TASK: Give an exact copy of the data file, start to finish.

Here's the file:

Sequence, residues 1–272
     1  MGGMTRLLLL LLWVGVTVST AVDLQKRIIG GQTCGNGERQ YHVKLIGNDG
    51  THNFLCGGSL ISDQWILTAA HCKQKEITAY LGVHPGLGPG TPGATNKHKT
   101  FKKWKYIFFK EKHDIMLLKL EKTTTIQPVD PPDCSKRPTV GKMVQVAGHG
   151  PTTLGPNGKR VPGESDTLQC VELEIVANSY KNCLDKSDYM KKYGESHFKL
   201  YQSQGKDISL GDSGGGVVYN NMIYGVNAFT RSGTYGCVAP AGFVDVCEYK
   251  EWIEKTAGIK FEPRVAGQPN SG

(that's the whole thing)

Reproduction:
Sequence, residues 1–272
     1  MGGMTRLLLL LLWVGVTVST AVDLQKRIIG GQTCGNGERQ YHVKLIGNDG
    51  THNFLCGGSL ISDQWILTAA HCKQKEITAY LGVHPGLGPG TPGATNKHKT
   101  FKKWKYIFFK EKHDIMLLKL EKTTTIQPVD PPDCSKRPTV GKMVQVAGHG
   151  PTTLGPNGKR VPGESDTLQC VELEIVANSY KNCLDKSDYM KKYGESHFKL
   201  YQSQGKDISL GDSGGGVVYN NMIYGVNAFT RSGTYGCVAP AGFVDVCEYK
   251  EWIEKTAGIK FEPRVAGQPN SG